As far as the short-term future is concerned, in Germany it is initially a question of maintaining the existing well-developed infrastructure despite tight local budgets. In the longer term, major social trends – demographic shifts, individualization of products and services – pose a central challenge because they change trading structures and logistics systems. The volume of traffic and goods deliveries is growing all the time, which demands new and more efficient concepts. Issues such as environmental pollution, fine dust and noise also play an increasingly important role in German cities. The problem is that (local) urban planners often find it almost impossible to keep up with the latest developments because of the high complexity of (global) economic cycles and the rapid pace of technological change.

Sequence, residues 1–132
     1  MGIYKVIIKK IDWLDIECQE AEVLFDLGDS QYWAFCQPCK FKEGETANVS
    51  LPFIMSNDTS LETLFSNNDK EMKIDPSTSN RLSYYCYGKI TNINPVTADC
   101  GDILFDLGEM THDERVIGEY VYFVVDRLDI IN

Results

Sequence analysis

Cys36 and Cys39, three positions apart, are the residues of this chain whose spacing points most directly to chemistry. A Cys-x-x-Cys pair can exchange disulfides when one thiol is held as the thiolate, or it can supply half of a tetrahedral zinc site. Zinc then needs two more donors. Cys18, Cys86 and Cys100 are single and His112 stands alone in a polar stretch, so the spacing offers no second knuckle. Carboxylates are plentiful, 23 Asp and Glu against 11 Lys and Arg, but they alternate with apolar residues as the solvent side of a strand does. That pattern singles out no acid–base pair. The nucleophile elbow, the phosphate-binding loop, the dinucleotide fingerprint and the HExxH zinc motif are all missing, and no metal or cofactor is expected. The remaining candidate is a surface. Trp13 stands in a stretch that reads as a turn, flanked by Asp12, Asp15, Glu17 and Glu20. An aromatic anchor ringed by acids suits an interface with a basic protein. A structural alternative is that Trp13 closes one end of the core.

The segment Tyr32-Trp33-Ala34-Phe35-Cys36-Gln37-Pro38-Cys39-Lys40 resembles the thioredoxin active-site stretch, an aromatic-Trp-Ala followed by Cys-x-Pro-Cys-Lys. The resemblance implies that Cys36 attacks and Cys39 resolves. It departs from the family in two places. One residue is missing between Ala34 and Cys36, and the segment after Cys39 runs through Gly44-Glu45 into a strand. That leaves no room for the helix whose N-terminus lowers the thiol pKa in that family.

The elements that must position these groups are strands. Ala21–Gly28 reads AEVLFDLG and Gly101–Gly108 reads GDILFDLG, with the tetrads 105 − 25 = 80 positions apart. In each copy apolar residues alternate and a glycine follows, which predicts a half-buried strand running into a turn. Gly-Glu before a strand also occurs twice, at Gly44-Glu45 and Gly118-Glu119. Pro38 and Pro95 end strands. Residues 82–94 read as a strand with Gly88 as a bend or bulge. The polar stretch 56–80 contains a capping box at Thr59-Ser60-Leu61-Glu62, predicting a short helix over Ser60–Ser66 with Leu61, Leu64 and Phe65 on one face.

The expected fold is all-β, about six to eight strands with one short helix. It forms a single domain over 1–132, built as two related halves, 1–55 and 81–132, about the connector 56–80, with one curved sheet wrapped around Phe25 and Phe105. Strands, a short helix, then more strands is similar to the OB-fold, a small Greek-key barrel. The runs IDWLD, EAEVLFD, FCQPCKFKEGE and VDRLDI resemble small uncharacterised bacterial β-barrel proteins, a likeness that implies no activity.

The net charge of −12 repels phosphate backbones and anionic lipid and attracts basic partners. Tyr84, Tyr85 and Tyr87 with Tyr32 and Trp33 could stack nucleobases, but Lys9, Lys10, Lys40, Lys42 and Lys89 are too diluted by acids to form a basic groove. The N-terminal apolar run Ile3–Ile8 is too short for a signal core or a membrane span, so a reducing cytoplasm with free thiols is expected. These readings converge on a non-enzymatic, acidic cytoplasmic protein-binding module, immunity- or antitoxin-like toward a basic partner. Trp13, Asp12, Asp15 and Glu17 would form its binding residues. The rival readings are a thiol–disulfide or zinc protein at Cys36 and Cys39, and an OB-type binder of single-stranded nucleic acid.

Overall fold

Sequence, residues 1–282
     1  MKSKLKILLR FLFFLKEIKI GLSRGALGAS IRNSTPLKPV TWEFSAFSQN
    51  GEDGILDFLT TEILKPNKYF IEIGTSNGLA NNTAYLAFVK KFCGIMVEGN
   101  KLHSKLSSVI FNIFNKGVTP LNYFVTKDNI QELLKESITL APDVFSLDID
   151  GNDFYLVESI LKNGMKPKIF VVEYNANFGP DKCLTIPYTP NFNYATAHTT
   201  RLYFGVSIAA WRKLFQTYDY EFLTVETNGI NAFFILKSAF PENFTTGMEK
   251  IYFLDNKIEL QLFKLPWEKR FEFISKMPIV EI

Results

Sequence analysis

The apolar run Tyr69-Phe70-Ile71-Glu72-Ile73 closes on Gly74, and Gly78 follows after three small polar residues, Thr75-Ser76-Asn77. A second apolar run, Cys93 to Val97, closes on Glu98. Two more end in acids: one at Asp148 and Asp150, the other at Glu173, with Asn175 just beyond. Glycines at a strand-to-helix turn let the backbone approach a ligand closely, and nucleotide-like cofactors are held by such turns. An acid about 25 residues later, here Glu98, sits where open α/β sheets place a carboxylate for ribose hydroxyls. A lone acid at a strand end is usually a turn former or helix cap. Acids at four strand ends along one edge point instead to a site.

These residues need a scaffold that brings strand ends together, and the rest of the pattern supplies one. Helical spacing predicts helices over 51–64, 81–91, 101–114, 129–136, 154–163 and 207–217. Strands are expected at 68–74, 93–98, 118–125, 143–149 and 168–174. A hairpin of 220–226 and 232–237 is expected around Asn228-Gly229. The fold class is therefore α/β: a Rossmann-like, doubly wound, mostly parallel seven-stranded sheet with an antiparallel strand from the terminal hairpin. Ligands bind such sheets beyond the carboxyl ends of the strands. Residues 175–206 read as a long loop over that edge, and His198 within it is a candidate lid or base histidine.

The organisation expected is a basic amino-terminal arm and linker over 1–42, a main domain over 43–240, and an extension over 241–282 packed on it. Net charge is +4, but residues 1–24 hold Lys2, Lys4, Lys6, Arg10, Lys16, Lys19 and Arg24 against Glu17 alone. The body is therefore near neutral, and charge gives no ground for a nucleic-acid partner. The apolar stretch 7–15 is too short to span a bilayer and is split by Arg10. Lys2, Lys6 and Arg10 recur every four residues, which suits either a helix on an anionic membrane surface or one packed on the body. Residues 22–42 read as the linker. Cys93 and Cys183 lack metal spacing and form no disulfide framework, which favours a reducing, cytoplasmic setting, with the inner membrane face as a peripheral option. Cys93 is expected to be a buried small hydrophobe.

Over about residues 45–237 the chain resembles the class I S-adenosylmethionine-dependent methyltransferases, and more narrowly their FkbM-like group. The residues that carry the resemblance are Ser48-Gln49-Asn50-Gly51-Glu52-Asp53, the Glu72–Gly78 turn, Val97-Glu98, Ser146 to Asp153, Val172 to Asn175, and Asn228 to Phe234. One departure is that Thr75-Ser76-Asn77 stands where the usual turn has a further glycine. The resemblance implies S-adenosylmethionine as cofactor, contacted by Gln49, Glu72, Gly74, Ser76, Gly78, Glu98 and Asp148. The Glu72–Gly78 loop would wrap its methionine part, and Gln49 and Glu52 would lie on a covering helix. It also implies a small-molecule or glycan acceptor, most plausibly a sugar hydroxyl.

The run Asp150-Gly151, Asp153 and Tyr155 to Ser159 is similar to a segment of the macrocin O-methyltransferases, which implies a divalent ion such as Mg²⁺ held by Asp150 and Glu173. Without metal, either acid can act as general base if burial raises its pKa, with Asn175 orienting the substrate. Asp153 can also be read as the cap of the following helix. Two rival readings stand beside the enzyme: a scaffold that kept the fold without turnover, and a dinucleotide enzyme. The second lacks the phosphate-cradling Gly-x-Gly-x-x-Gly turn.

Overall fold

One example: although smartphones have only dominated the market since 2007, they have significantly changed our shopping patterns and our mobility. It takes at least ten years to expand infrastructure accordingly, however. Global megacities face far more fundamental problems relating to energy and water supply and the disposal of waste. Furthermore, people are exposed to very high levels of pollution, and the transport system regularly collapses. Megacities are under enormous pressure, though this also has a positive aspect: those concerned are not afraid to make major investments, and in many cases innovative solutions are developed.

mobility and logistics

How do you picture urban mobility in the future and which concepts are you working on at the Fraunhofer IML?